The Sound Design and Score for Fando and Lis are incredible, a brilliant mixture of early and 1960s jazz, mariachi band music, synthesized sound effects, and highly amplified actions (e.g. eating and swallowing), reactions (tools clanging) and natural sounds (e.g. buzzing flies). Pepe Ávila, Mario Lozua and Hector Morely are credited with the innovative music and sound design.
Some Thoughts on Surrealism and Fando and Lis
Jodorowsky inherits his breed of Surrealism from Buńuel and Dalí (the two collaborators on films such as Un Chien Anadalou (1928). He also renounces Surrealism, calling André Bretons collective vision of it petit bourgeois, and seeking in his own work to transcend that Surrealist respectability. To some extent, he succeeds in shaking things up, but then the Fluxus-movement and drug inspired happenings also devolve into a brand of Kitsch that Surrealism tried in vain to escape. (Just consider the ubiquity of Dalí melted clock posters on college dorm walls.)
Personally, I divide Surrealist works (official and those in spirit) into two camps: authentic and contrived. Rene Magritte, whose mother committed suicide at the sea, constantly came back to images of women at the sea, however transmuted through a degree uncanny distortion. Such works strike me as authentic: they have meaning beyond mere shock value of strange juxtapositions. Though there are numerous purveyors of the contrived camp, none is more shallow or unabashedly hollow than Dalí, who painted and drew (or later, had anonymous draftsmen paint and draw for him) thousands of burning giraffes and the suchlike, signing anything for a buck.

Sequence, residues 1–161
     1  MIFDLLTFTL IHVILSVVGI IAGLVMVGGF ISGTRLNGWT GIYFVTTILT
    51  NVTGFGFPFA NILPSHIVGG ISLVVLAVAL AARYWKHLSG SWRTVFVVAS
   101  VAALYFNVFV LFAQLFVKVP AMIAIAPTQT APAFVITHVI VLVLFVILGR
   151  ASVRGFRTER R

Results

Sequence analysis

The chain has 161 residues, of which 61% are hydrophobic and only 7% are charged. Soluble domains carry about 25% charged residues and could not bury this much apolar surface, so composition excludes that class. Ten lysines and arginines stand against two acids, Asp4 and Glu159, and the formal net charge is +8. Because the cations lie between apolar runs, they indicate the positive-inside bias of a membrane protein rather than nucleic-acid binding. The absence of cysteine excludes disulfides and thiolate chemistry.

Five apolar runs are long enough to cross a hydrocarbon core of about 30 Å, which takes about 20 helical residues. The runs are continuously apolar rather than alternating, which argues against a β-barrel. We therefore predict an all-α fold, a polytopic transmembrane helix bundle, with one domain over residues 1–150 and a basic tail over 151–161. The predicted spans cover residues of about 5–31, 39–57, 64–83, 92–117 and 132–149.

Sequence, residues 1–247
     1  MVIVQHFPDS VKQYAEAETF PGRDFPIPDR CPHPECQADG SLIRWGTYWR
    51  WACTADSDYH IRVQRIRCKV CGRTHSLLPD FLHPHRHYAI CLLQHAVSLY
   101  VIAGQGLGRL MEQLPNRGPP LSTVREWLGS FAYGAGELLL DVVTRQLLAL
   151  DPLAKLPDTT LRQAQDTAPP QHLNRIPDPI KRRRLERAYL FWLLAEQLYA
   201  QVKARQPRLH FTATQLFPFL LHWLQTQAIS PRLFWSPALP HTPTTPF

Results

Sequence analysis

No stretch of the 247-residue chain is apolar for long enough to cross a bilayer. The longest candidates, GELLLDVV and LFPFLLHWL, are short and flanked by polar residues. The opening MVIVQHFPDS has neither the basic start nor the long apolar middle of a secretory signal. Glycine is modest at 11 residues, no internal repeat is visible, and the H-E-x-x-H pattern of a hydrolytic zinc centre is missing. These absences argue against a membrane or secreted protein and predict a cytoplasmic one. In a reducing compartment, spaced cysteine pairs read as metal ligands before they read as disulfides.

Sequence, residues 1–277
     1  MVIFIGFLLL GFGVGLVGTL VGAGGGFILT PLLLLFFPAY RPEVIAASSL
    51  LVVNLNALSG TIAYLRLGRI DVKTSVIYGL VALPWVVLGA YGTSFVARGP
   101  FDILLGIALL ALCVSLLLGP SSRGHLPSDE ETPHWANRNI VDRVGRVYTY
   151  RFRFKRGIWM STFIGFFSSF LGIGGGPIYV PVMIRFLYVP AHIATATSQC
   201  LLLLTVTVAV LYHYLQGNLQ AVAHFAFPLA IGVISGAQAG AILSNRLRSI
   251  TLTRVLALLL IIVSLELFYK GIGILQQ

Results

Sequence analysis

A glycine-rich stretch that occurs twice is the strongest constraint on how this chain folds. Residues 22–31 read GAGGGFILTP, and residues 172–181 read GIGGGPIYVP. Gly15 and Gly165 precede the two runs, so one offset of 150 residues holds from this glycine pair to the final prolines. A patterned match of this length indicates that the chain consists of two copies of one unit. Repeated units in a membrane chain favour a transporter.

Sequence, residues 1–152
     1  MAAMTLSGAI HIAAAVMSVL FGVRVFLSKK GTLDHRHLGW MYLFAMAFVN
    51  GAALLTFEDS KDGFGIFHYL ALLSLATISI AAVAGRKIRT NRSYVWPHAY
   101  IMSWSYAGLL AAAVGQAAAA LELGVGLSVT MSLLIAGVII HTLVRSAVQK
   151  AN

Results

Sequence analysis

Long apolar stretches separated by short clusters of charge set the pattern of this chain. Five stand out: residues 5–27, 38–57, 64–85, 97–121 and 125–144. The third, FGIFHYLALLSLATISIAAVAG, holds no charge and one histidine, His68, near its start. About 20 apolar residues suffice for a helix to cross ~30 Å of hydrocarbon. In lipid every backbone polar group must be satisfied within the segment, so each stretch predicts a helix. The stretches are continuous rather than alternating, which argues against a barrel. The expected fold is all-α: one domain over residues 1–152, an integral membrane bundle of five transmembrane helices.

While later Jodorowsky films will bury their heads fully into their own navels (or up their own asses, if you prefer), Fando and Lis retains most of its authenticity as an angry lashing out against a corruptive adult world, literal vampires who suck the blood and draw the life out of the young in order to hang on to life. Certain touches, however, ring of falseness, including the burning piano (a specific homage to Dalí) a man plays in an abandoned lot.
Even when the Surrealist imagery in Fando and Lis turns toward shock-value Kitsch, it is still fun to watch: consider the flight of pigs from Lis vagina. My personal favorite moment: Fando and Lis in the cemetery, taking turns as corpse and mourner, ramping up the histrionics with each game, all to a gloriously gonzo, grand guignol mariachi ballad. Such aspects give the film a mad circus feeling, a carnivalesque reversal of values (death is playful, sex is morbid, parents wish to survive their young) that strikes home in both funny and disquieting ways.
Eros/Thanatos: Sex and Death in Fando and Lis
The French Surrealist author and philosopher, Georges Bataille, linked sex and death in his excellent book, The Tears of Eros (and in his entire oeuvre, for that matter). But then the French have always found this connection: it is no mistake that they call the orgasm le petit mort, the little death. Whatever the cultural, literary or psychological provenance (cf. also Freud, for example), the Surrealists took the concept and ran with it. In the case of this film, sexuality in constantly linked with morbidity. Beyond the mildly erotic and flirtatious graveyard scene (with Fando laying atop a dead Lis at one point), we also have numerous instances of decadent (in the literal sense of falling to decay) eros: Fando and Lis come upon a group of naked men and women who emerge from a deep bath of mud in the mountains, rubbing themselves with zombie-like detachment. A crazed and very elderly Pope cavorts alongside a naked pregnant woman who lies on the earth. In one of the scenes that riled the Mexican audiences, a trio of elderly women play cards with peaches for chips, the winner of each hand gaining the opportunity to suck a fruit pit out of a sexy sunbathing mans mouth. There is a long sequence in which Fandos sexually provocative old mother begs him to kill her. Again, in all such instances, sex is only a stones throw away from death.